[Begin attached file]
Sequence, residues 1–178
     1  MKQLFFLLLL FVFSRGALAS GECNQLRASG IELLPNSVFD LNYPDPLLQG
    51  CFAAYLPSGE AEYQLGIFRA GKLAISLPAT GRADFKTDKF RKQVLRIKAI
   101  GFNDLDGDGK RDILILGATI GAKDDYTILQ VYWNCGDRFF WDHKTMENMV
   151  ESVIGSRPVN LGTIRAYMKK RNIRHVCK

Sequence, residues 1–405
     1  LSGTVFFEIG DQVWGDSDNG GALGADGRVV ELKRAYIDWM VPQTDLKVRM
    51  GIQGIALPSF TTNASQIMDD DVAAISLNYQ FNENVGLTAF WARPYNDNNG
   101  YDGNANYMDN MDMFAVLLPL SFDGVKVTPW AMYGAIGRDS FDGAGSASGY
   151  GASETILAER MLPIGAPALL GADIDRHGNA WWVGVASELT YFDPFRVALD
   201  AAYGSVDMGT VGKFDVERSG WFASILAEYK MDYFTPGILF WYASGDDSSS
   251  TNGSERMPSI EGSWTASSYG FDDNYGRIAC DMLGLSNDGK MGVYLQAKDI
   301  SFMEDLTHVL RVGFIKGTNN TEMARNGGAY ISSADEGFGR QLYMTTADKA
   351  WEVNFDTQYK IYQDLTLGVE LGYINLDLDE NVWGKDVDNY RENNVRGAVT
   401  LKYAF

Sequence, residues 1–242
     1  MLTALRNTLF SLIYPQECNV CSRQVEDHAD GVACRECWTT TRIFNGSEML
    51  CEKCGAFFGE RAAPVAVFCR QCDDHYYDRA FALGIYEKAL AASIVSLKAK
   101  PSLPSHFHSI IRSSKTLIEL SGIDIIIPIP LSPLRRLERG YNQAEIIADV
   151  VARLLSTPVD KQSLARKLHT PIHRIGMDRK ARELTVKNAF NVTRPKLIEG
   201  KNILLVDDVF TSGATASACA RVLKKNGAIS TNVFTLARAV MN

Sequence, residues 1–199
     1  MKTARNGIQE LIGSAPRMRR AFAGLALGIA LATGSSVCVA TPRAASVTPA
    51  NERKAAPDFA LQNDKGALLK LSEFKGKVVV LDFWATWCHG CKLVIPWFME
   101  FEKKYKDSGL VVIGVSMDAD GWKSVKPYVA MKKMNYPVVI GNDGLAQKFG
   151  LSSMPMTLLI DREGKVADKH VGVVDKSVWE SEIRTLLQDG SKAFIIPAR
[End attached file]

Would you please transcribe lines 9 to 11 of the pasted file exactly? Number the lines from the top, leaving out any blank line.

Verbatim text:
   101  YDGNANYMDN MDMFAVLLPL SFDGVKVTPW AMYGAIGRDS FDGAGSASGY
   151  GASETILAER MLPIGAPALL GADIDRHGNA WWVGVASELT YFDPFRVALD
   201  AAYGSVDMGT VGKFDVERSG WFASILAEYK MDYFTPGILF WYASGDDSSS